This week will be a big test for President Trump. He’s put his weight behind a health care bill that Paul Ryan is trying to shove through the House this week, despite it having only 24 percent approval from Americans and despite the fact that the bill is already all but dead in the Senate. Trump will also continue to push Congress to adopt a budget blueprint that is immensely unpopular all across the political spectrum. Meanwhile, Neil Gorsuch begins his confirmation hearings today, which could end up being a referendum on Donald Trump’s popularity.
Spoiler alert: He is not popular. The base that Trump continues to play toward is still there — despite growing concern from the blue-collar that Trump may not be supporting their interests — but his approval ratings continue to sink. At the 60 day mark, Trump’s approval rating has dropped to a historically low 37 percent, according to Gallup.
For comparison’s sake, here are the approval ratings for every President since Jimmy Carter at the 60-day mark.
Jimmy Carter 75
Ronald Reagan 60
George HW Bush 56
Bill Clinton 53
George W Bush 58
Barack Obama 63
Donald Trump 37
That’s bad, and yet I think many Americans — like myself — wonder how Donald Trump’s approval ratings could still be as high as 37 percent, after two months of almost daily bad headlines.
Still, when it comes to those under the age of 30, the numbers are even graver for the President. He has only a 22 percent approval rating, and a whopping 58 percent of Americans under the age of 30 believe that he is an “illegitimate” President.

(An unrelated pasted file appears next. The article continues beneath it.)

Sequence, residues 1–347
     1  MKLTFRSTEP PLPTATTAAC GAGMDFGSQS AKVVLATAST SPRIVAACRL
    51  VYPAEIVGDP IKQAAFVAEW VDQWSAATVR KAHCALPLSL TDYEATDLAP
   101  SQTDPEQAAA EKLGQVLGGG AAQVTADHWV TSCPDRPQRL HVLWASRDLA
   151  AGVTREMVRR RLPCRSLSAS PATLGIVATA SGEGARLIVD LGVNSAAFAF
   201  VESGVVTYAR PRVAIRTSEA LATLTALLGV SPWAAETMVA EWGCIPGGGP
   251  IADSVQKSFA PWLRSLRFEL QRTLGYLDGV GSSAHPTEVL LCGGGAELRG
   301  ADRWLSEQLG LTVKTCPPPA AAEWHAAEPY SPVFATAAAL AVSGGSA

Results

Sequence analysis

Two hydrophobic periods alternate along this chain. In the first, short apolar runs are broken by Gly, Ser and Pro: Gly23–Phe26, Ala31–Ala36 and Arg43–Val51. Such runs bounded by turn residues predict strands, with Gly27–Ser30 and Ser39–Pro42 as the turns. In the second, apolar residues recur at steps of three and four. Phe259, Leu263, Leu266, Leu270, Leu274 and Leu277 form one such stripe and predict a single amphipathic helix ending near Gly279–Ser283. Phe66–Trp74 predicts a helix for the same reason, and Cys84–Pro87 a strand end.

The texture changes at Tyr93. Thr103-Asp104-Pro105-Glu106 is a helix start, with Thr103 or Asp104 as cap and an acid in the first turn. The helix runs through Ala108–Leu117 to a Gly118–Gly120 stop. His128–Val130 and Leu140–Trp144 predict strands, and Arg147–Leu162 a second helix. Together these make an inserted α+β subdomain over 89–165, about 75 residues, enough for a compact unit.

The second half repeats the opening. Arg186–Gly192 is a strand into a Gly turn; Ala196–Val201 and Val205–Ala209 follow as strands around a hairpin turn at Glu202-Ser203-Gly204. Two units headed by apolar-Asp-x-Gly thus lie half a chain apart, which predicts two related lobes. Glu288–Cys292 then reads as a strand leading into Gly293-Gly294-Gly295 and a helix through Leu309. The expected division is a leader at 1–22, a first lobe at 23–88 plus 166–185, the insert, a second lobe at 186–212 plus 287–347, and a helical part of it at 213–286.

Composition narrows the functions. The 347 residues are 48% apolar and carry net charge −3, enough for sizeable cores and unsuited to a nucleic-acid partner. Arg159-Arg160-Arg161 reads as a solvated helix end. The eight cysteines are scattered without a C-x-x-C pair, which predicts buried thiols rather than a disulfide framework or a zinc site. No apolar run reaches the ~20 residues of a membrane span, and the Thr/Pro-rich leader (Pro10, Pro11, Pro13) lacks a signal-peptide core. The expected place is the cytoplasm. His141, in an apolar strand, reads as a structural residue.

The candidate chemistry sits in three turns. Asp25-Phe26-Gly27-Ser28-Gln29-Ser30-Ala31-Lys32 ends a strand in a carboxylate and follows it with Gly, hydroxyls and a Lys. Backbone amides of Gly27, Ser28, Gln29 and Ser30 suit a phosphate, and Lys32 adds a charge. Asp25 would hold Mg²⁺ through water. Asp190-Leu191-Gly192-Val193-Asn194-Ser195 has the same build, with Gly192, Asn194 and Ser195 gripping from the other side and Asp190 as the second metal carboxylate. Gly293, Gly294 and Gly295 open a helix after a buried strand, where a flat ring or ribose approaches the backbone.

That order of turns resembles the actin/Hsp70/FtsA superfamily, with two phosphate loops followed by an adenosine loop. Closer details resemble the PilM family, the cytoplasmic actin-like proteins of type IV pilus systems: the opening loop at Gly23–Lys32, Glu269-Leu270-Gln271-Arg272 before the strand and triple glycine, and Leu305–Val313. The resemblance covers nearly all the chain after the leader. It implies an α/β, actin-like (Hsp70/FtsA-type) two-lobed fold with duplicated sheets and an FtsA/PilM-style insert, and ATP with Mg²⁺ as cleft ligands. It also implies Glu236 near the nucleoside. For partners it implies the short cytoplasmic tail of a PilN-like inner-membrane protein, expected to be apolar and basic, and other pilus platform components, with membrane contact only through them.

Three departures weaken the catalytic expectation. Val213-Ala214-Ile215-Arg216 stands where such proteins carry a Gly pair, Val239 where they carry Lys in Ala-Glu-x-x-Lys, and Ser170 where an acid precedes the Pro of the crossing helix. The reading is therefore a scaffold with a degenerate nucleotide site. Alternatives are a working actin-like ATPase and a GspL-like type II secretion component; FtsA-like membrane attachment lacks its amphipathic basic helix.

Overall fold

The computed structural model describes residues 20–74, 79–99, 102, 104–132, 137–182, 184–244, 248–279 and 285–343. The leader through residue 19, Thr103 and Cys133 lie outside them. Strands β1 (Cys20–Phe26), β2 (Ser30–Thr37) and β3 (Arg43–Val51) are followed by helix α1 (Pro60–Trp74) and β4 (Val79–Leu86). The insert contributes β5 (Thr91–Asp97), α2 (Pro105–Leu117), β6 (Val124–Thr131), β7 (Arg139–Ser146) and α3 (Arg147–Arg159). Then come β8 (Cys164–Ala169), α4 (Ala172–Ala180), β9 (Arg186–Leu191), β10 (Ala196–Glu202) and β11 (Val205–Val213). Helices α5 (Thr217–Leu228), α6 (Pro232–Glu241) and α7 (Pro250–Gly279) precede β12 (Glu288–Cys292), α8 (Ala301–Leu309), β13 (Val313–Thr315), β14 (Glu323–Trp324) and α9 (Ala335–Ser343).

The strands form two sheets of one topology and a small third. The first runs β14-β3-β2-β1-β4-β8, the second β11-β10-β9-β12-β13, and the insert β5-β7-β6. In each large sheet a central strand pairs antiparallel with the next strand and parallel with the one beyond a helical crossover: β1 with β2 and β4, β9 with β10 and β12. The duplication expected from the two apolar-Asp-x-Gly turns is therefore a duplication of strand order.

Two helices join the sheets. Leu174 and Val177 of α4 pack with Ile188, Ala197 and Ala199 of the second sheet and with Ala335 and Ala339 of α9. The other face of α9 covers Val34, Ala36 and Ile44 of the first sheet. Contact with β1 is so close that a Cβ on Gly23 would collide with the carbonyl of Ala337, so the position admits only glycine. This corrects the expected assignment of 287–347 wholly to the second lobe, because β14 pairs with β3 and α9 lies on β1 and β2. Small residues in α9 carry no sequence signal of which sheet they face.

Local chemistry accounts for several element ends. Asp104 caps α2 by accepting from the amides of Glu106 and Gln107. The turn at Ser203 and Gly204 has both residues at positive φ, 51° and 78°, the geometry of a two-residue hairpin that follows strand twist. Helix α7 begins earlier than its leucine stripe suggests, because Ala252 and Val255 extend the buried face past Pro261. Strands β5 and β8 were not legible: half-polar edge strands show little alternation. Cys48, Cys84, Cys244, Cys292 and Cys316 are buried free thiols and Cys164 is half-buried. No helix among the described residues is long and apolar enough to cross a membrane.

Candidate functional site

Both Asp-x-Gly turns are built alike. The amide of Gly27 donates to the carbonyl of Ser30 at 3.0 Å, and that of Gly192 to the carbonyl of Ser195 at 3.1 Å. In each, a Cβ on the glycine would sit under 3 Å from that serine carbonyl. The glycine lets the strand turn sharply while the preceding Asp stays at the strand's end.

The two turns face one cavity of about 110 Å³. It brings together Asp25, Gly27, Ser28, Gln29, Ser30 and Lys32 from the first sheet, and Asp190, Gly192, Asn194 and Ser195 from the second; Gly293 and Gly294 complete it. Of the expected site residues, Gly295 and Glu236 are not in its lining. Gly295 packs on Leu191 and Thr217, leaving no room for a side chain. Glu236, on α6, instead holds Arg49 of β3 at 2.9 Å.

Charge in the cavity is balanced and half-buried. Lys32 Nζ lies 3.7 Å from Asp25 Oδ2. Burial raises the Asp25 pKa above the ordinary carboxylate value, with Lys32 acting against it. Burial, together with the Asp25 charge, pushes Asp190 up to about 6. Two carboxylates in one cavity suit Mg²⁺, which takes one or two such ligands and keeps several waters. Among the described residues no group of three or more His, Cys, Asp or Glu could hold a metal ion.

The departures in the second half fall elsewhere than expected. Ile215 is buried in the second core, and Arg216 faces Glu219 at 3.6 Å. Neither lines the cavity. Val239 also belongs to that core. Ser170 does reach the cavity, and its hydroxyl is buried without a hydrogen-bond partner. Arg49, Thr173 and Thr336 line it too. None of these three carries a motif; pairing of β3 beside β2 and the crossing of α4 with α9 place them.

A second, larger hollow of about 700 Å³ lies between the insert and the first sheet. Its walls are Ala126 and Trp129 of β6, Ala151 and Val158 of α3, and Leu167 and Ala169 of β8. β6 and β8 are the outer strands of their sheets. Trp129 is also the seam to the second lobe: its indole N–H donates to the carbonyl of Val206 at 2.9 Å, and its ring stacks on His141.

Meanwhile, while Trump’s proposals on the budget, health care, the Wall, immigration, and trade continue to be terrifying, it’s important to note that — despite a Republican-led Congress — Trump still hasn’t been able to push any significant legislation through Congress, thanks in part to record low unpopularity, bad policies, and controversies of his own making. It’s Trump’s efforts in foreign diplomacy — where Congressional approval is not as necessary — that should be most concerning because he has no f**king idea what he’s doing, nor does it seem that his Secretary of State, Rex Tillerson, does either.
The upside — for the rest of the world, at least — is that Donald Trump’s growing unpopularity in America has slowed the rise of populism around the rest of the globe, where nationalistic figures have lost elections in Austria and the Netherlands, while Martin Schulz — a member of the Socialist Democratic Party in Germany taking on the conservative Angela Merkel — won 100 percent of the votes cast in his convention. So far, he’s largely running on opposition to Donald Trump.
In other words, the future of America looks good, and the rest of the world is holding their own. We just have to survive the present Administration. Hopefully, Trump’s approval ratings — which continue to sink — will keep him neutered for the better part of four years.
Today’s header is brought to you by Rose Leslie in The Good Fight, the Good Wife spin-off that I think has actually improved significantly upon the last several seasons of the parent series, thanks to Leslie, Cush Jumbo, and the series’ MVP, Sarah Steele. No one misses Alicia Florick.